Severe weather could cost taxpayers a half-billion dollars by the end of the week.
The closing of federal offices costs $100 million a day in lost productivity and opportunity costs, according to the Office of Personnel Management. That’s $200 million and counting after OPM closed federal agencies on Monday and Tuesday.
Tele-working could cure the problem, but a relatively small portion of federal workers have tele-working agreements in place.
A 2009 report by OPM said 102,900 employees were tele-working, out of a total of 1.96 million. That’s an increase from past years, but it still represents a small portion of the federal workforce.
The situation is different at the White House.
While some White House staff have not been able to get to work, they have been able to work remotely.
“Thanks to modern technology that has not been an issue,” a spokeswoman with the White House said in an e-mail.
White House staff were expected to show up for work if they could arrive safely.
K Street has also been able to go along with the flow despite the closures.
“From my end, there’s still billable hours to do,” said Dave Wenhold, president of the American League of Lobbyists. “The tougher things is when you’re working from home, you’re dealing with the dogs.”
Not to mention the kids. School closings across the region mean those working from home on computers, BlackBerrys and cell phones aren’t interrupted by meetings, but by children.
The 2009 OPM report said almost half of all agencies had not integrated tele-work into their continuity-of-operations planning. It said management resistance was one of the biggest barriers to implementation.
Wenhold said his biggest problem is the approaching deadlines for earmarks at the end of this week. It’s tough to file earmark paperwork for a client if there are no staffers in Congress to work with, he said.
Given the state of streets in the Washington metro area and an impending snowstorm forecast to bring blizzard-like conditions and another 16 inches of powder to the streets, more closures appear likely the rest of the week, meaning $500 million in lost productivity would be possible, according to OPM’s numbers.
Toyota gets reprieve
The bad weather in Washington wasn’t unwelcome for Toyota.
The House Oversight and Government Reform Committee said Tuesday it would postpone a hearing on Toyota’s recall for two weeks.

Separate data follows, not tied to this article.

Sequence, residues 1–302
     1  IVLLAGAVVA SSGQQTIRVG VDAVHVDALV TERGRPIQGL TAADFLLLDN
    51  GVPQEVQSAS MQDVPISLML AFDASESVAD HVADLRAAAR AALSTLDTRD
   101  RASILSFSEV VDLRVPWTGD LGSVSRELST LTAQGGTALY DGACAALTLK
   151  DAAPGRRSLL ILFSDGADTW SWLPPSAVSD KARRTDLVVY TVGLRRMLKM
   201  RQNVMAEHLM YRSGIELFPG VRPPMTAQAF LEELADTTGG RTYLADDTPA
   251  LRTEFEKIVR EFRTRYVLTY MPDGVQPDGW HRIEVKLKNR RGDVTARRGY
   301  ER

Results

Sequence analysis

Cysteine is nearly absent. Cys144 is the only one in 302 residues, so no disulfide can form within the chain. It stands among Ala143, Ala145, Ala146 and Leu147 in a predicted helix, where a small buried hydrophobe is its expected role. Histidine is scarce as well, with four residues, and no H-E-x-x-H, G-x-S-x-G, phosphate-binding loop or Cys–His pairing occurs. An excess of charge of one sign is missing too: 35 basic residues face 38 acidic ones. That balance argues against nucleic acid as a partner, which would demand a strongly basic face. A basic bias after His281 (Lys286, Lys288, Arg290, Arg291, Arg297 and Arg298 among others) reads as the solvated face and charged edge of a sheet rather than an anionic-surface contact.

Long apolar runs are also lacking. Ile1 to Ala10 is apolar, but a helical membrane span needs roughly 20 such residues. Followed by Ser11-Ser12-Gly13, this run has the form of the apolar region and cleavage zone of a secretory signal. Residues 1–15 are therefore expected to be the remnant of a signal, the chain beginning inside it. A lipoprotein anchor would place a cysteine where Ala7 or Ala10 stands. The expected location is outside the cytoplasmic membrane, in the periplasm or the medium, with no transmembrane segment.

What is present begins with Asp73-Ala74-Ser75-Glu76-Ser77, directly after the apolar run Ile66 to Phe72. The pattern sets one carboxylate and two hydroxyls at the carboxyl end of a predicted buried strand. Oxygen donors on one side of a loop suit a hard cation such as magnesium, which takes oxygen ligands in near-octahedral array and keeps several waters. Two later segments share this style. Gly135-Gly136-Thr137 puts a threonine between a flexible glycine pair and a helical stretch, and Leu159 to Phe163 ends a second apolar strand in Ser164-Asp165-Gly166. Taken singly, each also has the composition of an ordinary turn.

The good news? That gives the beleaguered company a couple weeks to regain its footing.
The bad news? When it returns from recess, Congress will be doubling down in its scrutiny of the automaker.
Oversight’s hearing is rescheduled for Feb. 24. Oversight’s former chairman, Rep. Henry Waxman (D-Calif.), has a hearing on Toyota’s problems scheduled the next day on the Energy and Commerce Subcommittee on Investigations.
Toyota on Tuesday announced a new recall of its Prius models amid escalating concerns about its brake systems. It said it would recall 133,000 Prius 2010 models and 14,500 Lexus HS250 models. On Tuesday, the Transportation Department said it was looking into about 80 complaints it received about steering on the 2009-2010 Corolla, according to The Washington Post.
Toyota President Akio Toyoda apologized to consumers in an op-ed in the Post on Tuesday as the company continued to try to rebuild trust with consumers.
“The past few weeks … have made clear that Toyota has not lived up to the high standards you have come to expect from us,” Toyoda wrote.
Exports are a new buzzword for an Obama administration increasingly at odds with business.
Much of the business community disliked the healthcare reform and climate change bills that moved through Congress.
President Barack ObamaBarack Hussein ObamaDems punch back over GOP holdup of Biden SBA nominee Biden congratulates Trudeau for winning third term as Canadian prime minister Republicans have moral and financial reasons to oppose raising the debt ceiling MORE also has proposed higher taxes for multinational corporations, and Republicans charge his proposal to phase out former President George W. Bush’s tax cuts on taxpayers who earn more than $250,000 would hit small-business owners.
Businesses are cheering Obama’s promise to double U.S. exports in the next five years in his State of the Union address, but they’re not sure if it means anything for pending trade deals.
Agreements negotiated with South Korea, Colombia and Panama by the Bush administration have been stuck for years. While there’s new talk about exports from the White House, there’s little talk of these deals.
“There’s a push on exports, that’s the difference,” said one trade lobbyist.
Panama is the most likely deal to be sent by Obama to Congress.
Rep. Adam SmithDavid (Adam) Adam SmithStumbling plutonium pit project reveals DOE's uphill climb of nuclear modernization Congress should control its appetite for legacy programs when increasing defense budget House panel advances 8B defense bill MORE (D-Wash.) sees that deal as being “pretty close,” while more controversial deals with Colombia and South Korea are “harder lifts.”